Three months into marathon training. One month left to go.
At this point, the most frequent thought I’m having is “why would anyone do this more than once?”
I went into marathon training not really knowing what to expect. Now that I sort of know, why would I do it again? Seriously, why? (I’m guessing after I finish the marathon, I’ll know why.)
Right now, I’m running more weekly mileage than I ever have (previously, I worked up to 25-30 miles/week, now I’m averaging 35 when it’s not a cut-back week). It’s wearing me out physically and mentally and I feel like it’s taking over my life.
Physically, obviously the more you work out, the harder it is on your body. You’re tired. You want to (and often do) eat everything in sight. On the days I get to sleep in, I sleep for 10 hours. (This is why I don’t have kids.)
Time wise, I really feel like this is taking over my life. Most evenings after work, my routine is run, eat, shower, prepare for the next day, bedtime. Boooring. My entire weekends are planned around my long run. First world problem for sure, but I feel bad when I tell my friend “no, I can’t come to your band’s show, even though I really do want to, because I have to go to bed early for marathon training.” I feel so self-centered. Especially when said friend generously purchased an “I ❤ Fast Women” shirt. I also feel like the most boring person ever.
But I feel like the hardest challenge is mental.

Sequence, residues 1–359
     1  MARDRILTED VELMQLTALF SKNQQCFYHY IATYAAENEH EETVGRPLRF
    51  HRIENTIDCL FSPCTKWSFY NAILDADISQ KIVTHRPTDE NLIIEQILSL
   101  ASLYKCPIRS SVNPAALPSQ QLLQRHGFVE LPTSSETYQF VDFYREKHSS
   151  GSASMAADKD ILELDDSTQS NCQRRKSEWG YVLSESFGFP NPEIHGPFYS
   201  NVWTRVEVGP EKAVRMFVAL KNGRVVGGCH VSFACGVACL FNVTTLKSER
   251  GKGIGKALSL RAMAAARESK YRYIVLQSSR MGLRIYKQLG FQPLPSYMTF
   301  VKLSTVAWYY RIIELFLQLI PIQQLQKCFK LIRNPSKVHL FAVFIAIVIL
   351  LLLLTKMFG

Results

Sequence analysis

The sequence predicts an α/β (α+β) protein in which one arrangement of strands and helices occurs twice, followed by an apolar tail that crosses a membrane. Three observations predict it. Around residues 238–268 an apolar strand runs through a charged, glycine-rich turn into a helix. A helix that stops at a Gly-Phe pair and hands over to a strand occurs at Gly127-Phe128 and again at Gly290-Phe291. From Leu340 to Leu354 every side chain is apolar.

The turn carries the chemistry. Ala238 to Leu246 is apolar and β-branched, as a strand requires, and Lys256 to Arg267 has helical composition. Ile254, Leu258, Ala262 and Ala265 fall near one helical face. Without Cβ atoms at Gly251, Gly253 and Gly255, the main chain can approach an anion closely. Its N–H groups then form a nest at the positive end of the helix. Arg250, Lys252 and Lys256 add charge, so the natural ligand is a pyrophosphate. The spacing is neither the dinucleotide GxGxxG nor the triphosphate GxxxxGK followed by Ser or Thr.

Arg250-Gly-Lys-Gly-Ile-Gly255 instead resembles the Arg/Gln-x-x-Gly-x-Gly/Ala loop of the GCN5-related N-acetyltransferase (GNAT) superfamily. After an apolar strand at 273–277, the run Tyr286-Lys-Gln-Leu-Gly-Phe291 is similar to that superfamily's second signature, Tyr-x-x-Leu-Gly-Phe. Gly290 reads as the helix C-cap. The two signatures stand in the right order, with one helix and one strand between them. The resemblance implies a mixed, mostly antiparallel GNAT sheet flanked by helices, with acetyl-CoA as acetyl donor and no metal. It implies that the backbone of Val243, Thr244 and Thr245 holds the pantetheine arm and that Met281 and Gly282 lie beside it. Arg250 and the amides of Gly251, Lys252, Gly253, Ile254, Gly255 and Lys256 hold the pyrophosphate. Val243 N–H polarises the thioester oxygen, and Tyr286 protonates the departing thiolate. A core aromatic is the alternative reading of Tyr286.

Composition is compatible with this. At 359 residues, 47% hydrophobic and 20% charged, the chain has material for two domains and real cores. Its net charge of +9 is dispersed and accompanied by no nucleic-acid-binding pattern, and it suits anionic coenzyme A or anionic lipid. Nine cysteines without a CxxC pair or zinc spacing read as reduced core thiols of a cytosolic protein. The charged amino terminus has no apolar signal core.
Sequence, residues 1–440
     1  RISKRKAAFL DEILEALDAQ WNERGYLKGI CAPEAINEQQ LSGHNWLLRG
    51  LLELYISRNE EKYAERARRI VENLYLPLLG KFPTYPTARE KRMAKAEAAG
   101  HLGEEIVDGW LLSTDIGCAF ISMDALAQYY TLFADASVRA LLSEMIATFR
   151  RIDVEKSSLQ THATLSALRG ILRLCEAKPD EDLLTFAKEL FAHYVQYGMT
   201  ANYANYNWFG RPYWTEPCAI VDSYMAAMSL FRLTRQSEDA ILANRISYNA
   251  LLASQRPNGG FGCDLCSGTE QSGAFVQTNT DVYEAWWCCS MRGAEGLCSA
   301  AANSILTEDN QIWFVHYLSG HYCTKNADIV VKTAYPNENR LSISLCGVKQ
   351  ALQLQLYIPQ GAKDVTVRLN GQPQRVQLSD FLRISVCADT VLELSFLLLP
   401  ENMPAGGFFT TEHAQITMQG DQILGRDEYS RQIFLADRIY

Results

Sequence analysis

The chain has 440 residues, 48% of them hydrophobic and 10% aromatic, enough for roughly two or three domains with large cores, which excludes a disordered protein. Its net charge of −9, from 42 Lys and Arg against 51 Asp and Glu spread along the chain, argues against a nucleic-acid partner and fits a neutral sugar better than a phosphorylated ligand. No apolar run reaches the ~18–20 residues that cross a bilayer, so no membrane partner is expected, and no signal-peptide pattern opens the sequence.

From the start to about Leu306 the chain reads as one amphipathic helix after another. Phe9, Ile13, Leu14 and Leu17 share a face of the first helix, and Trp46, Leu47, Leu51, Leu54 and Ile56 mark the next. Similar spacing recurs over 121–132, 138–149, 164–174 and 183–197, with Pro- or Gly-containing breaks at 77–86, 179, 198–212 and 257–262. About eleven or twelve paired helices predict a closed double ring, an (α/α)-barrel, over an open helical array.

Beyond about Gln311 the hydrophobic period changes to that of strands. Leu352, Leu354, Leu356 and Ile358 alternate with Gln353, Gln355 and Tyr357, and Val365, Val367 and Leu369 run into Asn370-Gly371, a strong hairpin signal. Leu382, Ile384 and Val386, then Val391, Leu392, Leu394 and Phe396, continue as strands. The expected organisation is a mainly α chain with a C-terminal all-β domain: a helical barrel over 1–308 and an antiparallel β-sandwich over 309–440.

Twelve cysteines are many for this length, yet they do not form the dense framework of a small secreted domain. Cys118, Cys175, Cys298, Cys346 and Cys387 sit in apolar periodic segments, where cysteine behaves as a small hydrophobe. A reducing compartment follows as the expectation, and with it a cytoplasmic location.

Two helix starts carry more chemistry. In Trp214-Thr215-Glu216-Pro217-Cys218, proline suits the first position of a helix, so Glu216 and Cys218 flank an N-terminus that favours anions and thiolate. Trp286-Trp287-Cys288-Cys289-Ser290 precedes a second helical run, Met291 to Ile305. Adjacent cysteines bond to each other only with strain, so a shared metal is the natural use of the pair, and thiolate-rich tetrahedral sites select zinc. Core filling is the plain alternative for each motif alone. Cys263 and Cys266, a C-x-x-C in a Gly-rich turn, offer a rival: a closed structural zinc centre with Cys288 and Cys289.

I love running. Obviously, otherwise I wouldn’t have started this blog. I wouldn’t have signed up for a marathon. I enjoy the act of running, it doesn’t feel like a chore, the way so many other people view exercise.
But right now? Totally feels like a chore. And my marathon training plan is my chore chart. I lace up my running shoes not because I want to run, but because Hal Higdon said I should do 5 miles that day. Or 8. Or 19. Whatever. He’s the expert.
So how have I been getting through it?
During Saturday’s 19 miles, I thought about two people who can’t run, to remind myself how lucky I am that I can. (Even if it doesn’t feel so lucky at the time.)
Vera is battling an injury, and has not been able to run for months. I know how hard it is for her, and how determined she is to run pain-free again. She would love to be able to drag herself through a 19-mile long run in the humidity, if it meant she could run.
I’ve mentioned many times that I’m running the Chicago Marathon on behalf of the American Cancer Society in memory of my uncle. He was a marathoner. He ran the Chicago Marathon many times. But he lost his battle to cancer in 2003. As hard as running is right now, it’s a zillion times better than fighting cancer. (That was the same mindset that got me to agree to chair a Relay For Life event [twice] for the ACS, and speak in front of hundreds of people.)
I also think about how happy I will be on October 7. I keep visualizing the very last stretch of the marathon, and crossing the finish line. I’ve worked this hard, I don’t just want to achieve that goal, I have to achieve it. I’m so close; I have to know what it feels like to be a marathoner. And it will be a feeling that for 28 years, I didn’t think was really possible. Actually, for 27 years, I didn’t even think about, period. I remember spectating some of Vera’s first marathons and thinking “why the heck would anyone do this??” I never once thought “I wonder what it would be like …” Nope, just “these people are crazy.”
But now I’m one of those crazy people and I am crazy enough to see this through to it’s crazy conclusion.